Heart of Africa

Heart of Africa Projects

This includes collaborative projects that examine the emergence of heart disease in African communities in epidemiological transition.

In January 2006 a prospective registry of more than 9,000 men and women, with heart disease, from Soweto presenting to the Baragwanath Hospital, was initiated (The Heart of Soweto Study). So far information on 8000 patients has been collected and several intervention trials have been initiated and published. Details are available at www.socru.org. Prof. Sliwa is currently also the director of the Soweto Cardiovascular Research Unit (2006-2013). This project is now being extended to research the wider African community – The Heart of Africa Study.

The Pan African Pulmonary Hypertension Cohort (PAPUCO) Study

The main objective of this research is to describe the epidemiology of pulmonary hypertension (PHT) in 500 patients from 10 African countries, e.g. Mozambique, Sudan, Kenya, Nigeria, among patients attending referral units for cardiovascular and pulmonary diseases. This information will be crucial to the development of effective and resource-sensitive strategies to tackle PHT in Sub-Saharan Africa. The first step in this direction has been to build a registry of patients with PHT, attending a range of hospitals in several countries from this region.

The Pulmonary Vascular Institute Sub-Saharan Task Force, under the leadership of Dr Ana Olga Mocumbi (Mozambique) and Prof Karen Sliwa (HICRA), was established in January 2010 and they were later joined by Dr Friedrich Thienemann from the Institute of Infectious Disease and Molecular Medicine (IIDMM), University of Cape Town.  The primary aim of this Task Force was to establish a Sub-Saharan African Registry of Pulmonary Hypertension (PHT) and, subsequently, other research and educational awareness projects.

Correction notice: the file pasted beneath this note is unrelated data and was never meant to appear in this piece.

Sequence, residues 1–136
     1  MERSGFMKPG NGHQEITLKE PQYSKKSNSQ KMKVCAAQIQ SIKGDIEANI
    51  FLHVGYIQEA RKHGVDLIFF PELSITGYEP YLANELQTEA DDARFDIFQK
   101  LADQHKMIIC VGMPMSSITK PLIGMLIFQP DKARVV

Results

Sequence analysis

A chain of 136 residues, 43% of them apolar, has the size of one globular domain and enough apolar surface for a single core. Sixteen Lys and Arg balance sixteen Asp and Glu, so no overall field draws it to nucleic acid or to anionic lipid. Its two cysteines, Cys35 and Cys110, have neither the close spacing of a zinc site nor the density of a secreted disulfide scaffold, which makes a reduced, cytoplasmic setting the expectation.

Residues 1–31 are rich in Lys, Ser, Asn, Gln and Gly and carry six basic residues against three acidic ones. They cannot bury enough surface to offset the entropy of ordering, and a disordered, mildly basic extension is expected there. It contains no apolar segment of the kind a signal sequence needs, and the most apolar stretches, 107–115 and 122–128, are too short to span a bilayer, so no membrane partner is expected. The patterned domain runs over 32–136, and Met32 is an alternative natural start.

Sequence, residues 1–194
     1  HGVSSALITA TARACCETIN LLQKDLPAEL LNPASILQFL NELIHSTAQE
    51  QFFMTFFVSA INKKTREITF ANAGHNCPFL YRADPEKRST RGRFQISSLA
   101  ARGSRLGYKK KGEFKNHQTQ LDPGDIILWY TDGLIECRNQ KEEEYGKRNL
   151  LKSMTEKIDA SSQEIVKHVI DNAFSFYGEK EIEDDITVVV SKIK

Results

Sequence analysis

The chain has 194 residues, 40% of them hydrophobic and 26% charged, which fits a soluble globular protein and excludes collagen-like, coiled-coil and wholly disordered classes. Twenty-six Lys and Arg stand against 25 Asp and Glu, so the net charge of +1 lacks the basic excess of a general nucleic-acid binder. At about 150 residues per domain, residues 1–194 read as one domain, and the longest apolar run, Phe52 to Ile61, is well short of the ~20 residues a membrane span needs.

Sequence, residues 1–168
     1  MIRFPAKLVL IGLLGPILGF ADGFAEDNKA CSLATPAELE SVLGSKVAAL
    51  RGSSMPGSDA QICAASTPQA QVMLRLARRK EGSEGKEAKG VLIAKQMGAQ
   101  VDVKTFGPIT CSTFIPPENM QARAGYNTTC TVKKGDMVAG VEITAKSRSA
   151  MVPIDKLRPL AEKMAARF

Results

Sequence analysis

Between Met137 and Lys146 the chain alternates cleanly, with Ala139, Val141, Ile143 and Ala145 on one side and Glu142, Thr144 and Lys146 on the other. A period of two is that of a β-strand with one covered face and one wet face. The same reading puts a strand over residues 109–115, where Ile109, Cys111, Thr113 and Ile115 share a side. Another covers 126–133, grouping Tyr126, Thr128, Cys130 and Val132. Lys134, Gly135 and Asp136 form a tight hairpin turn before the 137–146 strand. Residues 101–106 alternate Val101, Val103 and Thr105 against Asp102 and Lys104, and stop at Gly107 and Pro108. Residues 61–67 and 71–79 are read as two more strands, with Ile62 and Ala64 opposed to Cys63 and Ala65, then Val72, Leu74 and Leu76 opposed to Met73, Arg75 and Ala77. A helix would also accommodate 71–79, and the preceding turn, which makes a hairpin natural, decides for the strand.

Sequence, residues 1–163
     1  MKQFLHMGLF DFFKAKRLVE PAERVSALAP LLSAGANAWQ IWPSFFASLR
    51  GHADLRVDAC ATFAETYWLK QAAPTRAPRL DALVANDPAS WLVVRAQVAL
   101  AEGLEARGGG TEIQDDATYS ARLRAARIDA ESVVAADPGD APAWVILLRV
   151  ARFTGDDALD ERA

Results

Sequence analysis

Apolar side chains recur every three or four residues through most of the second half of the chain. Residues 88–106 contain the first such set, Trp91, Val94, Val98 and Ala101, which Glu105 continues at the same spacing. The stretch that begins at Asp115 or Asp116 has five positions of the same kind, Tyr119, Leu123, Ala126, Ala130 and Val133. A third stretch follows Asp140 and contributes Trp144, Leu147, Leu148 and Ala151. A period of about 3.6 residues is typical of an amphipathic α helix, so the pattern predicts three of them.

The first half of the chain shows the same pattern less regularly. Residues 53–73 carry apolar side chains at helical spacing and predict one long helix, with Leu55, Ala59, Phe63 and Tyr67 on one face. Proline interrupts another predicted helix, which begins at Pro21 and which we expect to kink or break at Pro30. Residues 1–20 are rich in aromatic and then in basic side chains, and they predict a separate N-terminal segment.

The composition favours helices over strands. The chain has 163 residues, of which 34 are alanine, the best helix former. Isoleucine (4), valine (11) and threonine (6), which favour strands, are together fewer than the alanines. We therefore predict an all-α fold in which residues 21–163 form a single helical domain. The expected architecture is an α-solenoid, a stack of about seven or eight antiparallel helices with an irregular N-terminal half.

PHT is a devastating, progressive disease, with increasingly debilitating symptoms and, usually, shortened overall life expectancy. The epidemiology of PHT in Sub-Saharan Africa has not yet been determined, but limited reports suggest that the incidence is higher than that reported from developing countries, owing to the pattern of diseases prevalent in the region.  Many known factors for PHT are hyperendemic in this part of the world, including Human Immunodeficiency Virus/Acquired Immune Deficiency Syndrome, schistosomiasis, chronic hepatitis B and C and Sickle Cell Disease. On the other hand, a high prevalence of tuberculosis, poorly treated asthma, high levels of pollution in urban areas and exposure to mining, subsequently leads to various forms of pulmonary hypertension and, often, to right heart failure with premature death.

However, more detailed information is currently not available, thus leading to poor awareness of these devastating problems, not only in Sub-Saharan Africa, but worldwide. There is, therefore, an urgent need for research into the demographics, natural history and survival of patients with pulmonary hypertension.

This project receives funding from the Pulmonary Vascular Research Institute (PVRI) and via an unconditional research grant from Bayer, Germany.

B-A-HEF STUDY

Recent research in cardiovascular disease in African populations (Heart of Soweto Study), specifically of heart failure (THESUS Study – Damasceno A, Sliwa K, et al. The causes, treatment and outcome of acute heart failure n 1006 Africans from 9 countries. Arch Intern Med, 2012) has shown that heart failure is not treated optimally in Africa.

Prof Sliwa is the principle investigator of a the prospective, placebo-controlled, double-blind, randomized study to compare treatment with Hydralazine-Isosorbideā€“Dinitrate (HYIS) versus placebo on top of standard care in African patients admitted with Acute Heart Failure (AHF) and left ventricular dysfunction- the BA-HEF study. This study commenced in January 2013. The use of different medications, such as ACEi and hydralazine/nitrates, has never been examined in patients admitted with AHF. Performing a multicentre study in Africa could confirm data obtained in African Americans, create awareness for this promising combination treatment, and extend the use of the medication to patients with acute heart failure.

Participating sites: Principal Investigators at the various sites are: Prof. Karen Sliwa (South Africa); Dr Mahmoud Sani (Nigeria); Dr Okechukwu Ogah (Nigeria); Dr Dike Ojji (Nigeria); Prof. Elijah Ogola (Kenya); Prof. Gerald Yonga (Kenya); Dr Charles Mondo (Uganda); Dr Anastase Dzudie (Cameroon); Dr Charles Kouam Kouam (Cameroon); Prof. Albertino Damasceno (Mozambique); Prof. Sergine Abdou Ba (Senegal) and Dr Fikru Maru (Ethiopia).

B-A-HEF